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Strengthening of sustainable use of shark and ray sought

Shark fishery. (Photo: C. Heredia)

Click on the flag for more information about MexicoMEXICO
Thursday, February 12, 2015, 23:50 (GMT + 9)
The Secretariat of Agriculture, Livestock, Rural Development, Fisheries and Food(SAGARPA) has published a draft amendment of a norm for responsible fishing of sharks and rays, in order to promote their rational and sustainable use.
According to Regulation 029-2006, the national government also intends to contribute to the conservation and protection of elasmobranchs and other species that are caught incidentally.
The new regulation is mandatory for holders of permits, licenses and authorizations for fishing sharks and rays, as well as for those who capture accidentally.
This draft amendment was adopted at the Fifth Ordinary Session of the National Advisory Committee on Agri-Food Standardization and it will be subject to public consultation for 60 days, to allow interested parties to submit comments.
At present, the capture of sharks and rays is an important fishery for their economic, food and social implications.
In addition, fisheries resources is both a source of jobs in its phases of capture, handling, primary process of production, distribution and marketing of fish products and sub-products, as well as related activities, SAGARPA said in a statement.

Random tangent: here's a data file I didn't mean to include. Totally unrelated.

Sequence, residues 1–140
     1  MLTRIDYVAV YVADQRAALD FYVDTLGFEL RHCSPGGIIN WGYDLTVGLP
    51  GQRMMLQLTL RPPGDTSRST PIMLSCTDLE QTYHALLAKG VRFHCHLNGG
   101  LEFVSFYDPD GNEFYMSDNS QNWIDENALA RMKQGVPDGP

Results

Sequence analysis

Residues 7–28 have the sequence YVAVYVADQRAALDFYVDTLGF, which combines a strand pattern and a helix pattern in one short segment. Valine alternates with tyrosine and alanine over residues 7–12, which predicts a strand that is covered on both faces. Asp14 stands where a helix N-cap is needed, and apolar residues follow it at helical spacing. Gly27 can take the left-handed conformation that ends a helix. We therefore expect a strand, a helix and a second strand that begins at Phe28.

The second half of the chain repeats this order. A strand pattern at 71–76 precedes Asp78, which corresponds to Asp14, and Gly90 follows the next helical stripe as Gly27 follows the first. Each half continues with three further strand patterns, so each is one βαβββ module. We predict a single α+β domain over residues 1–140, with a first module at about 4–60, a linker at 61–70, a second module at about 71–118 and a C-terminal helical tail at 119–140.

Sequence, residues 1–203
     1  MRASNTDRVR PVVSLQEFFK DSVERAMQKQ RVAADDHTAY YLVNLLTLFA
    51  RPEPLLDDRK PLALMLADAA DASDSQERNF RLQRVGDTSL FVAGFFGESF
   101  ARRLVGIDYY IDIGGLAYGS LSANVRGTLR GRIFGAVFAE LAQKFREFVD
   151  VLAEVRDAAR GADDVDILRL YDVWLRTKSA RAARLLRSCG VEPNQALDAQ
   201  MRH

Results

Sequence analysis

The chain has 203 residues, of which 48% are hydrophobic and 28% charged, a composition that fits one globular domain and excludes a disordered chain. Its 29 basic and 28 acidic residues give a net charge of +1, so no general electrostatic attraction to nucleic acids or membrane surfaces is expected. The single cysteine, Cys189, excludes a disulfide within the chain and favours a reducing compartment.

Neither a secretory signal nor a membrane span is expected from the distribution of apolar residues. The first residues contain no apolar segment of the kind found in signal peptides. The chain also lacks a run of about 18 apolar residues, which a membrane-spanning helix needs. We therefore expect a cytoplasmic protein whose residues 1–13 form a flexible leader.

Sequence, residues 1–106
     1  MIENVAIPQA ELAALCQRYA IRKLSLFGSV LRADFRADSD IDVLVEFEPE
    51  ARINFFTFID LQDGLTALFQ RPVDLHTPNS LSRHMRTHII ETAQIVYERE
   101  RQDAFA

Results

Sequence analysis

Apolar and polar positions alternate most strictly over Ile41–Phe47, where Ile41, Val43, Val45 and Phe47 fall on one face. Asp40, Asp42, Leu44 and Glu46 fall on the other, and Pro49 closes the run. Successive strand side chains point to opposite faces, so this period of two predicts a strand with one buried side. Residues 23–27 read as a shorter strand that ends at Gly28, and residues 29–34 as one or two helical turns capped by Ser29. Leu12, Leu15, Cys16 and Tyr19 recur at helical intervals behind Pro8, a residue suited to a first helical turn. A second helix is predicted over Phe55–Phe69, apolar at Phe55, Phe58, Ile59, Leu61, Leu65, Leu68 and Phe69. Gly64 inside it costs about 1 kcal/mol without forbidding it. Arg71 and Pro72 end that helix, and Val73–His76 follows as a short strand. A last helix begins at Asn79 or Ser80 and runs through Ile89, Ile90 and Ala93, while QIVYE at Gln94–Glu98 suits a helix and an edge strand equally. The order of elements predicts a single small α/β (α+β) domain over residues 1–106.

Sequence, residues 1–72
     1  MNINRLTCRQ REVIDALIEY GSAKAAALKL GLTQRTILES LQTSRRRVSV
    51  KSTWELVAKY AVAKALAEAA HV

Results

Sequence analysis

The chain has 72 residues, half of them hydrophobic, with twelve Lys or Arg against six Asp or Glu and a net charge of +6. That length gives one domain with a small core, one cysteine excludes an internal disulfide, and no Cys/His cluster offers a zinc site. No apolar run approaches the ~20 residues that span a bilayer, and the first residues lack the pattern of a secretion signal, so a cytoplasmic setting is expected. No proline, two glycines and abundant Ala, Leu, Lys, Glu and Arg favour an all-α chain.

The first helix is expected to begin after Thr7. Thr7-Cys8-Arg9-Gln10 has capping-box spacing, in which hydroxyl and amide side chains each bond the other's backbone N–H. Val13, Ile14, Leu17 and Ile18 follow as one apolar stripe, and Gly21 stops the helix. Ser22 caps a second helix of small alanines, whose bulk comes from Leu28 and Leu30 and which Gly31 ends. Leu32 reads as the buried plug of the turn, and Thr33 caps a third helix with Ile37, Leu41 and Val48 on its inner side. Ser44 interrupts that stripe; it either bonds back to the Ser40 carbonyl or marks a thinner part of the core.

Over 90 per cent of shark and ray catch is for domestic consumption, since their meat is low cost. The products of both species exploited are mainly skin, guts and fins.
The shark fishery is comprised of three operating units:
  • Artisanal coastal fishing: Taking place in the two marine coastal grounds, which contributes about 40 per cent of the domestic production;
  • Medium-scale fishing: Carried out in waters off both coasts;
  • Deep-sea fishing: Performed in coastal and ocean waters within the Exclusive Economic Zone (EEZ) of the Pacific Ocean.
There is also the artisanal coastal fishery of rays, which contributes about 30 per cent of the national production of elasmobranchs and takes place in the littoral zone, where small boats are utilized.
Of 104 species with registered distribution in federal waters, approximately 39 resources are more frequently used in production. Of these, 12 species are more abundant and belong to the AlopiidaeCarcharhinidaeSquatinidaeSphyrnidae andTriakidae families.
Regarding rays, in federal waters some 85 species are identified, of which 37 are of commercial importance (18 in the Pacific Ocean and 14 in the Gulf of Mexico and Caribbean Sea).
The most representative are the DasyatidaeMyliobatidaeRhinopteridaeRhinobatidaeand Gymnuridae rays.

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